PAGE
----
But all this resistance was in vain, as another strong unit was moving around Aibga. After a fierce fight, this Russian army emerged on the mountainous plateau where the defenseless villages of the mountaineers were located and destroyed these settlements on May 12. On May 18, Shatilov’s unit joined with the unit that destroyed the villages in Aibga Gorge and passed on to Akhchipsou. The remaining Aibga started their final descent to the shores of the Black Sea where they would embark upon Turkish ships and boats. The defeat of the Aibga disheartened their neighbors. As Abkhaz historian Georgy Dzidzaria wrote: “This military campaign decided the fate of all other mountainous Abkhaz tribes, too. All the Akhchipsu with their families and belongings left their homes and started to move to the shores of the sea, following the Aibga” (Dzidzaria, “Muhajirs and the Problems of Abkhaz History of the 19th Century,” 1975).
By May 20, all four Russian military units joined in the center of the “cleansed” land of the Akhchipsu, called Gubaadvy, currently known as Krasnaya Polyana and sometimes referred to incorrectly as Kbaada or Kbaade. Gubaadvy consists of two plateaus that are connected with each other by a small pass. The plateau is situated at 1,730 meters above sea level and is surrounded by high mountains from all sides. This remote place lost among the high mountains was destined to become the place of the final celebration of the end of Caucasus War. A Russian military parade took place there on May 21, 1864, in the presence of the Caucasus’ governor, Grand Duke Nikolaevich.
Yet, the mountaineer tribes did not stop their resistance even after this. Russian forces invaded the lands of the upper Abkhaz (a.k.a. Abazin) tribes of Pskhu and Kudzh. These small tribes could not hold out against a regular army and an Abkhaz militia under the command of Duke Mikhail Shervashidze, fought alongside the Russians, and advanced from the south. The Pskhu were driven into the Khabyu and Gunurkhva valleys, where some 800 people from the Aibga and Akhchipsu tribes tried to hide. Mostly these were old people, women and children. After they refused to go to Turkey, “their homes, stocks of corn and corn flour were destroyed; for resisting the deportation, their cattle, 220 units, were appropriated by the army” (From the report by the commander of the military in Abkhazia to Kutaisi general-governor, August 20, 1864, Central State Archive of Georgia, case 63, sheets 256–258).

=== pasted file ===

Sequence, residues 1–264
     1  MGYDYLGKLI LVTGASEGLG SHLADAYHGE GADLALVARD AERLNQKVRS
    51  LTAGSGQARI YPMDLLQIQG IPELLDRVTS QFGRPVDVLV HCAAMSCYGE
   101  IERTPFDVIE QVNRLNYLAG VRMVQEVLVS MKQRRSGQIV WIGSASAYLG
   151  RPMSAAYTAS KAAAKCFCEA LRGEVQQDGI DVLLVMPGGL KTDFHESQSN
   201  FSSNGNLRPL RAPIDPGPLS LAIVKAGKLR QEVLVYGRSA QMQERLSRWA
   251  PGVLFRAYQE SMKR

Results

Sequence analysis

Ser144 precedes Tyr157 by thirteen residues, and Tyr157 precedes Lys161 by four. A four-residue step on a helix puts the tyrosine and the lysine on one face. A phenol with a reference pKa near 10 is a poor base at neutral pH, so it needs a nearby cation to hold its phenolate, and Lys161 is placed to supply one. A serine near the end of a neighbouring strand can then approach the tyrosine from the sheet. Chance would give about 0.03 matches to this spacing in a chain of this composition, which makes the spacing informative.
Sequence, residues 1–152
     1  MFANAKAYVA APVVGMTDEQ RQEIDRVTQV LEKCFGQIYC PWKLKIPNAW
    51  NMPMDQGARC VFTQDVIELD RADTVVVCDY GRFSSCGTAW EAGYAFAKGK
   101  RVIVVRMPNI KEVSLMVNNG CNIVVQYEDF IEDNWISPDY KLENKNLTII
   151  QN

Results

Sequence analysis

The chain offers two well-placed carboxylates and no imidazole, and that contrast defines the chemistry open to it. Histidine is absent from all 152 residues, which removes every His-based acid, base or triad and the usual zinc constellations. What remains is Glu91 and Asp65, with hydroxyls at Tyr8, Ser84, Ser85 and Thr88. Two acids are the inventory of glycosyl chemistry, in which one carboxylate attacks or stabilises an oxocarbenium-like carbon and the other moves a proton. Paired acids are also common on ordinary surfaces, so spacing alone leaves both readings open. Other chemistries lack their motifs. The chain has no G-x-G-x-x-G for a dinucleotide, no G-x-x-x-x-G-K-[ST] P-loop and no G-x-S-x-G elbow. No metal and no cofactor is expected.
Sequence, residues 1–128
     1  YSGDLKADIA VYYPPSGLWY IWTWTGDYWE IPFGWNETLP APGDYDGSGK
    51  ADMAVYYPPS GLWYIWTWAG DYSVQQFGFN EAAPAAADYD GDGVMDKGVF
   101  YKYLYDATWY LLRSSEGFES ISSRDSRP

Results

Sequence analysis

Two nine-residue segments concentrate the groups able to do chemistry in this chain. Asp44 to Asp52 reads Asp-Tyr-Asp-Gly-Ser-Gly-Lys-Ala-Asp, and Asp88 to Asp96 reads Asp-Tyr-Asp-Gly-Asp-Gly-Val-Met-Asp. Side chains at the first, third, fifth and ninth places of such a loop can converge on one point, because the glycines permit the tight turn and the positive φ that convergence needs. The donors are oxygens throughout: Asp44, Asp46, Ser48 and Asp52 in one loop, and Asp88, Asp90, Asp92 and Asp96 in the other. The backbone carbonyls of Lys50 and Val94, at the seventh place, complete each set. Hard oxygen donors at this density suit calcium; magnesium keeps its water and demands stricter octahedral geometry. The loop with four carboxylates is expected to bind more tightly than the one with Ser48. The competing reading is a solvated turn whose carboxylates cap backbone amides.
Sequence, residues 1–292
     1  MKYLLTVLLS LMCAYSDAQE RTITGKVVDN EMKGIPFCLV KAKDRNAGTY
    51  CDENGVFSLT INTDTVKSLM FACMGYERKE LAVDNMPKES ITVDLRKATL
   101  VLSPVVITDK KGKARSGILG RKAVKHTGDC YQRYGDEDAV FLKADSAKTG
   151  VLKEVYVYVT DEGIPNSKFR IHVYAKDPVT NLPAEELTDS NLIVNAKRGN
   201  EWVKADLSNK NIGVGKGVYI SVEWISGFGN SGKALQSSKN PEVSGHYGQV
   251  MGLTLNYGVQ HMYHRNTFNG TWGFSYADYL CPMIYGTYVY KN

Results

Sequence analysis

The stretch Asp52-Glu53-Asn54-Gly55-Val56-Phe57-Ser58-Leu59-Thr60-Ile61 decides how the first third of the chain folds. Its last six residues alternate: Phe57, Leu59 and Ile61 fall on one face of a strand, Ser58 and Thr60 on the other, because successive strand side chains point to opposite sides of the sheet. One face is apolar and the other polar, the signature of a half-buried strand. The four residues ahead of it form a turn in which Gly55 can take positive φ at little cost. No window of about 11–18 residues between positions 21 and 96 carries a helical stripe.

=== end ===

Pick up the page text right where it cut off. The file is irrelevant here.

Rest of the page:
The introduction to A. Fonville’s work, “The Last Year of Circassia’s War for Independence,” notes, “They [the Russian military] had to exterminate half of the Circassians in order to force the other half to put down their arms. But those who fell from deprivation and harsh winters that were spent under the snowstorms in the woods and on the bare rocks hardly comprised a tenth of all who died.” The colonial Russian forces hunted after those Circassians and Abkhaz who refused to relocate to the Ottoman Empire and hid in remote areas. According to a decree issued by Grand Duke Nikolaevich, a special unit was established to clean out remote plateaus between the Tuapse River and the Gagry Ridge of Circassians. The unit consisted of 12 companies and one hundred soldiers. In order to prevent the Circassians from running over to the northern slopes of the Caucasus Mountains, in the upper reaches of the Pshish and Pshekha rivers, two other such units were stationed (Report of the commander of the Russian army in the Caucasus, June 14, 1865, Central State Military History archive, fund 38, inventory 30/286, case 21, sheets 1–2).
“Even if several dozen families or homeless predators (abreks) are able to hide away from our military, we will not need another military expedition for their extermination,” a reporter for the magazine Kavkaz cheerfully wrote in the summer of 1864.
Unable to avoid these final sweeping actions by the Russian forces, the Circassians’ valiant military resistance finally came to a close. Caught between a hammer and an anvil, deprived of long-awaited military support from Europe, and unable to halt Tsarist Russia’s determination to drive the Circassians into the Black Sea, the final chapter of Circassian resistance came to a close. Ironically, Russia’s earlier defeat in the Crimean war had actually created the reverse effect in the Caucasus and fueled Moscow’s taste for expansion—the Treaty of Paris of 1856 thus became a death warrant for the peoples of the Caucasus as the Western powers were unable to check Russia’s advance in this region. For the Circassians, that chapter in their 150-year struggle ended with their defeat on the fields of Krasnaya Polyana, the same site where the Sochi Winter Olympic Games will take place in February 2014.